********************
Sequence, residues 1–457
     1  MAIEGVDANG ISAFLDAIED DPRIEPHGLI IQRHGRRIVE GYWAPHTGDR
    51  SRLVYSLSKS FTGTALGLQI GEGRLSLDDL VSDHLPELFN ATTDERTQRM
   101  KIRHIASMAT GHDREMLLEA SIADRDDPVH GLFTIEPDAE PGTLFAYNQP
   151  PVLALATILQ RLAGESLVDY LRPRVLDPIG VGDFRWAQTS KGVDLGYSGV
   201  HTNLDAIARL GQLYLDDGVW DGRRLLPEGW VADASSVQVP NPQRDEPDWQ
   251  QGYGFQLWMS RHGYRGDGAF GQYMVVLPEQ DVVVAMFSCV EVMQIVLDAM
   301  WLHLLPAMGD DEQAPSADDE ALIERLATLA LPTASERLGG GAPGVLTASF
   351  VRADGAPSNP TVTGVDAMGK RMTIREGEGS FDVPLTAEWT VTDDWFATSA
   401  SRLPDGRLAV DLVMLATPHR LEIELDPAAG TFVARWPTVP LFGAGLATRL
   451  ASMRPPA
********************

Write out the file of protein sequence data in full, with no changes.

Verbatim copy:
Sequence, residues 1–457
     1  MAIEGVDANG ISAFLDAIED DPRIEPHGLI IQRHGRRIVE GYWAPHTGDR
    51  SRLVYSLSKS FTGTALGLQI GEGRLSLDDL VSDHLPELFN ATTDERTQRM
   101  KIRHIASMAT GHDREMLLEA SIADRDDPVH GLFTIEPDAE PGTLFAYNQP
   151  PVLALATILQ RLAGESLVDY LRPRVLDPIG VGDFRWAQTS KGVDLGYSGV
   201  HTNLDAIARL GQLYLDDGVW DGRRLLPEGW VADASSVQVP NPQRDEPDWQ
   251  QGYGFQLWMS RHGYRGDGAF GQYMVVLPEQ DVVVAMFSCV EVMQIVLDAM
   301  WLHLLPAMGD DEQAPSADDE ALIERLATLA LPTASERLGG GAPGVLTASF
   351  VRADGAPSNP TVTGVDAMGK RMTIREGEGS FDVPLTAEWT VTDDWFATSA
   401  SRLPDGRLAV DLVMLATPHR LEIELDPAAG TFVARWPTVP LFGAGLATRL
   451  ASMRPPA